A game of two halves and not many trains

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The Independent Online

Cardiff's Millennium Stadium is a rare thing: a new sporting arena built only a goal kick's distance from a major railway station.

Cardiff's Millennium Stadium is a rare thing: a new sporting arena built only a goal kick's distance from a major railway station.

But this triumph of planning was lost on most of the 72,000 football fans travelling to yesterday's FA cup final between Liverpool and Arsenal because they went by car. The days of the "football special" are dead and buried.

So, instead of enjoying a leisurely journey to the doorstep of the stadium, 60,000 fans dragged themselves out of bed at sunrise and then spent four hours or more sweltering in traffic jams on one of the hottest days of the year. The police estimate that 14,000 extra cars tried to squeeze into central Cardiff, alongside hundreds of coaches and mini-buses. Some fans even chartered planes.

Only 12,000 supporters took the train ­ a form of transport that once carried three times that number of football fans to away games every Saturday.

First Great Western put on 10 additional trains from Paddington, while Wales and West doubled three of its trains in length in an attempt to accommodate fans. But this was the maximum that either firm could manage.

The first problem is that there is no room on the system for extra trains: British Rail responded to years of chronic under-investment by ripping out all spare track and signals, leaving only the bare minimum of either.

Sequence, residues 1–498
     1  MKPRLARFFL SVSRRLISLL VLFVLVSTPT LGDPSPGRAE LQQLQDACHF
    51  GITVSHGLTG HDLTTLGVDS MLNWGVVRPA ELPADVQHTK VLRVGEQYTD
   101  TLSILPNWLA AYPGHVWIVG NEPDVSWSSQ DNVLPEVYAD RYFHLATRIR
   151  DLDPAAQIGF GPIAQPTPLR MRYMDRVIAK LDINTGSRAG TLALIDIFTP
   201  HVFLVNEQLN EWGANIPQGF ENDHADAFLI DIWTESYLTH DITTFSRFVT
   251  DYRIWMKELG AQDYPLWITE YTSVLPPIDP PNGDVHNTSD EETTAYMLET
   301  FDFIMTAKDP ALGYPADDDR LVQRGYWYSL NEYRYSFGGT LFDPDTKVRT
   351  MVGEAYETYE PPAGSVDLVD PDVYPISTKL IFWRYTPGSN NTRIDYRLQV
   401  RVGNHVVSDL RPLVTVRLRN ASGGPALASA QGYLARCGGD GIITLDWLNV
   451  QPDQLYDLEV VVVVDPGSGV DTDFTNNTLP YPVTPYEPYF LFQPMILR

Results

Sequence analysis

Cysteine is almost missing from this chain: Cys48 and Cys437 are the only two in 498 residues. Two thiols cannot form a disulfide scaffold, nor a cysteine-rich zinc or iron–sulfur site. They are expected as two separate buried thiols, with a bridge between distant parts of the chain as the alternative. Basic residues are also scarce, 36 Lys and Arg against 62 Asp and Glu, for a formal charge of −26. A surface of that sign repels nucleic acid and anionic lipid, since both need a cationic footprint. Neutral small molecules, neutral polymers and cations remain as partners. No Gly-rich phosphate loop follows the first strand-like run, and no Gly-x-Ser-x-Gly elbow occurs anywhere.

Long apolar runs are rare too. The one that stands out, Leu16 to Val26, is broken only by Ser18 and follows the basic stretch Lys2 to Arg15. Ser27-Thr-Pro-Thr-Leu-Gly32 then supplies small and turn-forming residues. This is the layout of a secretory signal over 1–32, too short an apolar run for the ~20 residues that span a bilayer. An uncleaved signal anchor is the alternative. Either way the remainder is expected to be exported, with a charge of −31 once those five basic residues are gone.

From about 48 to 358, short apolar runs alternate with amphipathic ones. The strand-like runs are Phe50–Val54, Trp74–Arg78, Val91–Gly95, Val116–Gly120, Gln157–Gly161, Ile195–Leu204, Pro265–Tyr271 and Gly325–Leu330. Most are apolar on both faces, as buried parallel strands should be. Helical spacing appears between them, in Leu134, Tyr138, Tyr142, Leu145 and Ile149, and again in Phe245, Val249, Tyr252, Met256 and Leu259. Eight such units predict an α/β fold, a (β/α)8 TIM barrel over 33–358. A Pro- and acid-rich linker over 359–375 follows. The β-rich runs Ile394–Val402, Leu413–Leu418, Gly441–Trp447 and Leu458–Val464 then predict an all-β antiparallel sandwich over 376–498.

As a result the national railway can scarcely cope with normal weekly traffic, let alone the extra trains needed for popular sports events.

Then, even if Railtrack meets its promises to invest in the lines and increase capacity, the train operating companies would find there are no spare locomotives or carriages available. In the past, British Rail kept old rolling stock specially for the purpose, but the lean days of privatisation mean that nothing is kept in reserve.

"We haven't got any more trains that we can run and still be able to cater for our normal customers elsewhere," said a spokesman for Wales and West. With every single carriage costing £1m or more, no one is willing to keep such valuable assets locked away in train sheds.

Both Liverpool and Arsenal fans have recent experience of this "efficiency". The London-based fans found that Virgin was unable to run any extra trains from Euston to Manchester for the FA cup semi-final.

Liverpool fans meanwhile found themselves taking up to eight hours to get into Cardiff for February's Worthington Cup final where the kick-off had to be delayed to let late-comers in.

For Norman Langley from Liverpool, the experience was so miserable he was determined to get up at the crack of dawn for yesterday's game, so that he could take the back roads rather than the motorways where, last time, he was caught in gridlocked traffic. "Last time it was disgusting. A lot of people would rather use the back-roads than the motorway," he said.

Meanwhile 200 Arsenal fans booked their own form of football special on the Orient Express from London, paying £200 for breakfast, an evening meal and more luxurious conditions than the back of a minibus.

Alex Bell of Walton-on-Thames said: "We went to the semi-final, and spent seven hours in a car getting home from Manchester, and having heard what happened with Liverpool and Birmingham in the Worthington Cup, we thought we would travel in style."

There is one spark of hope for the future: the arrival of new Virgin trains should free up dozens of the ageing Intercity 125s for days just like yesterday when, for a change, thousands want to quit the roads and take advantage of the railway. But maintaining surplus stock is expensive and train companies live on wafer-thin margins. So unless the new Transport Secretary makes a commitment to keeping a few of the 125s in reserve, the prospect of football specials or any other type of special remains as bleak as ever.